Friday, November 12, 2004

Am I missing something here?

In all of the post-election gum flapping about what Democrats need to do now, one consistent theme is the need to address red state cultural anxiety. The line of reasoning is that dems need to take a page from Tipper Gore's book and start criticizing the gratuitous sex and violence of today's pop-culture to prove they are in touch with red-state values without reversing long held positions. On Nov. 4 in Slate, Robert Wright wrote:
If Democrats felt a little freer to moralize, they wouldn't, of course, take over Bush's evangelical base. Still, without giving an inch on gay rights, abortion rights, school prayer, etc., they can make some inroads into the "moral" component of Republican support. But so long as they consider it their sacred duty to applaud Quentin Tarantino or to quietly endure Britney Spears, they may stay where they were this week: 140,000 votes shy in Ohio

And today, New Donkey writes:
We're the "wrong track" party when it comes to the cultural direction of the country, and we have to decide whether to bravely swim upstream out of loyalty to hip-hop and Michael Moore and Grand Theft Auto IV and Hollywood campaign contributions, or do something else, like at least expressing a little ambivalence about it all.

OK. Perhaps decrying the tawdry spectacle of American pop-culture will be the silver Sister-Soulja bullet the dems are after. They may as well go for it, and I hope it works.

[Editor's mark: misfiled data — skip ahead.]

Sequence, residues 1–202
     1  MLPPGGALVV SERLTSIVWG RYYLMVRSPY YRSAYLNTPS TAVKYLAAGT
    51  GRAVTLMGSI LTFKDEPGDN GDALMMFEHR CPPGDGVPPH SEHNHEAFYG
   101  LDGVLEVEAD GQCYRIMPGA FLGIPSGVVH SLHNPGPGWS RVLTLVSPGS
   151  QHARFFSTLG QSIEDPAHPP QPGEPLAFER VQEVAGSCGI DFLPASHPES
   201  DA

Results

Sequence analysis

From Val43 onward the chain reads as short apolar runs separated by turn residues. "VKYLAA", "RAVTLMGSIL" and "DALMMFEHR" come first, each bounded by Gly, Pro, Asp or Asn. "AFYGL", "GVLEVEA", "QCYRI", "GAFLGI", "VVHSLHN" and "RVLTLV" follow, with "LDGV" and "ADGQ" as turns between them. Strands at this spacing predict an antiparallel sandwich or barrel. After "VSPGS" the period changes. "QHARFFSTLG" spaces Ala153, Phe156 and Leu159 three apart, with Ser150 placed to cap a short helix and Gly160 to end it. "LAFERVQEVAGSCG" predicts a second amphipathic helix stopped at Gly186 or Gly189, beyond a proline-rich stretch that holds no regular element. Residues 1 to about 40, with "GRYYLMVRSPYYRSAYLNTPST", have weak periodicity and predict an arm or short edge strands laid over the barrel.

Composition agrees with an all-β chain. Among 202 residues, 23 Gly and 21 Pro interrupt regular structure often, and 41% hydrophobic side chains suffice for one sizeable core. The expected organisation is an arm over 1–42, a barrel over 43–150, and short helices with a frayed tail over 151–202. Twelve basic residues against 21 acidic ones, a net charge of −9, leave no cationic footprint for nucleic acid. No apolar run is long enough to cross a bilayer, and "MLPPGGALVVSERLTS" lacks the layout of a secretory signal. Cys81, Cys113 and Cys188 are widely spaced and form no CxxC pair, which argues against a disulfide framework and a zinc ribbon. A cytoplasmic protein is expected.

But leaving aside cultural criticism's effectiveness as a tactic, I'm confused by the intended audience. It's a given that parents, particularly in red states, see Hollywood as a moral cesspool churning out ever more grotesque slabs of prurient, mind-warping crap. They may be right, but Hollywood isn't making billions of dollars each year selling its crap to itself. I just don't understand how people can watch television in rapt attention while complaining that the programs are destroying civilization. You either watch "The Swan" or you take the high road-you can't do both.

If Madison and Conner are punching each other's sweet widdle faces and cursing like sailors, are the people who make Grand Theft Auto games and Eminem records more to blame than the parents stuffing the kids' stockings with them? It's amazing to me that the electorate wants to hear politicians condemn the very tripe that they wallow in every day. If they don't like what's on TV, they should turn it off, and keep the kids away.